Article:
Giant willow aphid

The giant willow aphid, Tuberolachnus salignus (GWA) predominantly feeds on willow trees and shrubs (Salix spp.) and is found world-wide in all areas where willows occur.


GWA is a relatively large aphid (up to 6mm in body length), mid-brown to dark brown in colour with a distinctive pattern of dark spots and a three prominent 'shark-fin' like tubercles on their back. (Figure 1).

All adults are females and can produce offspring without mating. Winged forms (Figure 2) are produced in response to over-crowding to allow population re-distribution.

Close up photo of a wingless adult Giant willow aphid under a microscope showing black spots and ‘shark-fin’ tubercles. Close up photo of a winged adult Giant willow aphid

Feeding damage

GWA feeds on sap from the young stems and branches of its host trees (Figure 3), often forming dense colonies on host trees (Figure 4). The aphid has reportedly caused tree death in very old willow trees in India and in Europe GWA is considered a potential source of problem in short rotation willow production.

Large numbers of aphids feeding can cause shoot dehydration, delayed plant regrowth and decrease in the mass of woody tissue.

As a by-product of feeding, substantial amounts of honeydew are excreted. The sticky sugary substance attracts ants and wasps and can lead to the  development of sooty mould.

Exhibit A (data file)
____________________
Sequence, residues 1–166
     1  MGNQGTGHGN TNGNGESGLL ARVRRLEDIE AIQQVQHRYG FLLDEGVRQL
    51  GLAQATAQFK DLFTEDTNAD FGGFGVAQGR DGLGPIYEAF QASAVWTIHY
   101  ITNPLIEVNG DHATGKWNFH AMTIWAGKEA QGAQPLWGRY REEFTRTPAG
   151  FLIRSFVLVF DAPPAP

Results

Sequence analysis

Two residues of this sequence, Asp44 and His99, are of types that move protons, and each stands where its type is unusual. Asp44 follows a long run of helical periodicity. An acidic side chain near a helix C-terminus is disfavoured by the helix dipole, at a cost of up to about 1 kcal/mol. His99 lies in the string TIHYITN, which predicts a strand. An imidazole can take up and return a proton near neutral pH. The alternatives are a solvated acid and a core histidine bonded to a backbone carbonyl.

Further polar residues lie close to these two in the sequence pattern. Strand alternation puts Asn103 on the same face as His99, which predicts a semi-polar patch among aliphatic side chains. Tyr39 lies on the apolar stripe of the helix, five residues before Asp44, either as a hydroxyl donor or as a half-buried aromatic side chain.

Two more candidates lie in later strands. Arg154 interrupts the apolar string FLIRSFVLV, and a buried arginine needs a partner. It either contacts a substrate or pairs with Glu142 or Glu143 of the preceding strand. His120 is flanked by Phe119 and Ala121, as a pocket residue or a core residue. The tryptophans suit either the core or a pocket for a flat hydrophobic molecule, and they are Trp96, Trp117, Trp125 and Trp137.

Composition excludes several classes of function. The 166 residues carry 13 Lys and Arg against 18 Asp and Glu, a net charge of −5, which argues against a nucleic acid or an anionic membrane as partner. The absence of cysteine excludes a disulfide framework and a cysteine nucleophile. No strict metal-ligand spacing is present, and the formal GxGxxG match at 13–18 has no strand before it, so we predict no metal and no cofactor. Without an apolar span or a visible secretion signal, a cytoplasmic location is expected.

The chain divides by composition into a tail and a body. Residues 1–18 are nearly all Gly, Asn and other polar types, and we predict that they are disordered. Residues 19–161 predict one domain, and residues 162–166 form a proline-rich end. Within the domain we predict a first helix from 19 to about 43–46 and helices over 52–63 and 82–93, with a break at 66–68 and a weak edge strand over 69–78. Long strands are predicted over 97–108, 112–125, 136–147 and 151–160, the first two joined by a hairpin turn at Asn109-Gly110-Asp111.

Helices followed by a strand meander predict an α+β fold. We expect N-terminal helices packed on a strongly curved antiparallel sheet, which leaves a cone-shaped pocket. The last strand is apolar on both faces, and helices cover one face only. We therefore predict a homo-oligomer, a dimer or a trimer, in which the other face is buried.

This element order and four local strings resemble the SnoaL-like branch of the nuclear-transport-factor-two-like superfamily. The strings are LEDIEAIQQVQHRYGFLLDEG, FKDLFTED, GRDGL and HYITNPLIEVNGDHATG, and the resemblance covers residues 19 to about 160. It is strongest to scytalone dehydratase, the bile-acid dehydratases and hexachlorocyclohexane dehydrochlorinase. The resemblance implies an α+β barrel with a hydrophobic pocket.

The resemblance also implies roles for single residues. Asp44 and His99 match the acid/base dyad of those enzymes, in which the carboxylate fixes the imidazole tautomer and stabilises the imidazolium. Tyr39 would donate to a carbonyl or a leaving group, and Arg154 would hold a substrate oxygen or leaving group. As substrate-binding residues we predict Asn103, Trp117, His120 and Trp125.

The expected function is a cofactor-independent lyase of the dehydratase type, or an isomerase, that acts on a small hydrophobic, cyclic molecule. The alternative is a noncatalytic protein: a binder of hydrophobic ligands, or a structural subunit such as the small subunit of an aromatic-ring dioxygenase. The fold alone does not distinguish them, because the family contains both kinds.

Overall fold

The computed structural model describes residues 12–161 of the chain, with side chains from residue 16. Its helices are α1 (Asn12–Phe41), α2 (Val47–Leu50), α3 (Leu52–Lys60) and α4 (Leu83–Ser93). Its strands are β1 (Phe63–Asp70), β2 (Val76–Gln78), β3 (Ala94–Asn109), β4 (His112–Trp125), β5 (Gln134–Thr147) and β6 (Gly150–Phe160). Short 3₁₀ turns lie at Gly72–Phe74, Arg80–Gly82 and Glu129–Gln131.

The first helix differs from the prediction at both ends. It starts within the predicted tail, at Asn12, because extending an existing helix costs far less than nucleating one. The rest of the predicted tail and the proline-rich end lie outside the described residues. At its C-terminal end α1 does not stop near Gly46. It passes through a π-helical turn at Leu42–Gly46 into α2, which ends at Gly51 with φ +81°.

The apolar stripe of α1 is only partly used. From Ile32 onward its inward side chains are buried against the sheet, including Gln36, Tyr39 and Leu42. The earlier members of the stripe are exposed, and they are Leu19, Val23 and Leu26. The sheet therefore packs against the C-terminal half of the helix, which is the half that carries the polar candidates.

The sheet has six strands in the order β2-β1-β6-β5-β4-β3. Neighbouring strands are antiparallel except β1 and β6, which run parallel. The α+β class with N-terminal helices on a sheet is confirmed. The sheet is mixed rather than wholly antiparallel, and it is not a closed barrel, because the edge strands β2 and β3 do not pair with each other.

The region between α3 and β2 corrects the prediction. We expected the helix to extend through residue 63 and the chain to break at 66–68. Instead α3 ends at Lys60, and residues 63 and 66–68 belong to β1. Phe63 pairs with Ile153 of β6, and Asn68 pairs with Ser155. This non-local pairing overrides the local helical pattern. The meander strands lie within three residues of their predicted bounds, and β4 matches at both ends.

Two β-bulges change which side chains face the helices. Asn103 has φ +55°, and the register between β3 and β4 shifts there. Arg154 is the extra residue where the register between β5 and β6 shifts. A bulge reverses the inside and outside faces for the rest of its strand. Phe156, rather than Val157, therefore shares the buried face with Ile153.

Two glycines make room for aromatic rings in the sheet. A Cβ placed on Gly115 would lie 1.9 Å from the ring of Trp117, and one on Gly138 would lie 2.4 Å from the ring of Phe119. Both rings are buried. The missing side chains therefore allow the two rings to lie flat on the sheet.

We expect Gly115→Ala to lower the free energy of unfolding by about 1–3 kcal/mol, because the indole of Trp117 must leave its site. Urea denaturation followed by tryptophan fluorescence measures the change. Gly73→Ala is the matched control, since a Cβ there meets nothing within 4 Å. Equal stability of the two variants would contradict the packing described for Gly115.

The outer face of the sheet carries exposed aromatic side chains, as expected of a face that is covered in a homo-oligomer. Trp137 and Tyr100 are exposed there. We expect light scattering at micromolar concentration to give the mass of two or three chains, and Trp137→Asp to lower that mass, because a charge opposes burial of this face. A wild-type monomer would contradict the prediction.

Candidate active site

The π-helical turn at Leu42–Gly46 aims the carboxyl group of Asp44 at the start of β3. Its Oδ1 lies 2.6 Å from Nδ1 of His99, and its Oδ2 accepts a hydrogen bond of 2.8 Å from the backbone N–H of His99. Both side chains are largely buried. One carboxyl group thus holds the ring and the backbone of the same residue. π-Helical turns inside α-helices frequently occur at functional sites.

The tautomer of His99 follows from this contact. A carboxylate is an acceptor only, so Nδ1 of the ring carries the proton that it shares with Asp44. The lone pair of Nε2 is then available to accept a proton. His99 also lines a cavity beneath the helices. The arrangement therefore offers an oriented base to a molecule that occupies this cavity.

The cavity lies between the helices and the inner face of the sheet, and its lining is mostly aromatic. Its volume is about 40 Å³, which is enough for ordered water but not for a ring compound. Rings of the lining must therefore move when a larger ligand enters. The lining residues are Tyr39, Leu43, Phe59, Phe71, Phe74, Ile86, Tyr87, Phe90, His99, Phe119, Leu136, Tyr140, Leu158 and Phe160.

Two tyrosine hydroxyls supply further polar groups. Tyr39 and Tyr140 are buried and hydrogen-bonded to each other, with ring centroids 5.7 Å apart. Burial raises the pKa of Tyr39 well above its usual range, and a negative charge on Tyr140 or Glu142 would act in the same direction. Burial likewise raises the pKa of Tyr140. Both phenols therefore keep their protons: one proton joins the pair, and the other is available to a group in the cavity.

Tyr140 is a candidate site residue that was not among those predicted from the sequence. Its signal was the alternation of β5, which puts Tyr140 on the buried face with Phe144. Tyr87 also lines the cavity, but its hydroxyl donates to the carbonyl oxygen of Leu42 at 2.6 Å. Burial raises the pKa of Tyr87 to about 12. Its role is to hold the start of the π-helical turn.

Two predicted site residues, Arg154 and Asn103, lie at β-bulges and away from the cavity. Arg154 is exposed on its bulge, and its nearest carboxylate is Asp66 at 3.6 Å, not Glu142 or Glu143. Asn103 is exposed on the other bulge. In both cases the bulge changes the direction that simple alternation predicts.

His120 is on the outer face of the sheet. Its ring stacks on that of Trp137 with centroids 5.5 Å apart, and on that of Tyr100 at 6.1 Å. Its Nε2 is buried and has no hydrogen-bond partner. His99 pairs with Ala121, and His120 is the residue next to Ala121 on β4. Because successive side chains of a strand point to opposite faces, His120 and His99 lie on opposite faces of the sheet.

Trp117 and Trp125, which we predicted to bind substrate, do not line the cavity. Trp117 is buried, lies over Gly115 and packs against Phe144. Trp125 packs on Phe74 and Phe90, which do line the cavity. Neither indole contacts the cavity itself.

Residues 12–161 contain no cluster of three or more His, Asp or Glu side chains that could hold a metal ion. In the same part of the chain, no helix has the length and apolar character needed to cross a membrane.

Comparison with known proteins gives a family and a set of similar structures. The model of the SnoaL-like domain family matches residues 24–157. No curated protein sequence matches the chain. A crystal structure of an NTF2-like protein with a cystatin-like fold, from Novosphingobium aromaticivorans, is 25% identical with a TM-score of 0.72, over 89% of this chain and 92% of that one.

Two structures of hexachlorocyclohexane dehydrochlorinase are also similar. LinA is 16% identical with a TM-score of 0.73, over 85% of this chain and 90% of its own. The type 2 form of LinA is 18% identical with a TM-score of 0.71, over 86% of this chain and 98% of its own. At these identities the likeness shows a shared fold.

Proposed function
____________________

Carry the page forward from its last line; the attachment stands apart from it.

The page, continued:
Photo showing adult and juvenile Giant willow aphids on the young stem of a willow tree (Salix sp.).

A photo of a tree with a large group of willow aphids close together on the main branch.


GWA feeds mainly on willow (Salix spp.) and has been reported on 50 species/hybrids of both woody and shrub forms. Presence of the aphid on poplars (Populus spp.) and the native New Zealand shrub, Coprosma macrocarpa, has also been noted.

Life cycle

All GWA are females and reproduce without mating, each giving birth to an average of 40-50 live young. The juveniles undergo four moulting stages before reaching adulthood which may take as little as 14 days.

Overseas experience has shown that colonies appear in summer, usually at the base of the willow trees, moving up the stems with increasing numbers. Colonies can contain many thousands of aphids. Colonies persist through the autumn, but they begin to decline in numbers during this time. Small numbers of aphids can still be found on leafless trees during winter.


GWA is considered native to Asia but quickly became a cosmopolitan pest. It was detected in New Zealand in 2013 and in Tasmania, later that same year. Since then, it has been found in the Australian Capital Territory and New South Wales. It was detected in Victoria for the first time in 2014, in Wodonga and Melbourne indicating it may have been present for some time.


When hosts become over crowded, wingless GWA may leave the host tree and walk quickly along the ground, over rocks and man-made structures in search of new hosts.

Winged adults  can fly and will disperse in search of a new host and less crowded conditions. Long distance dispersal by wind currents has been noted for other species of aphids. It is possible that GWA was blown into Australia from New Zealand.

Managing GWA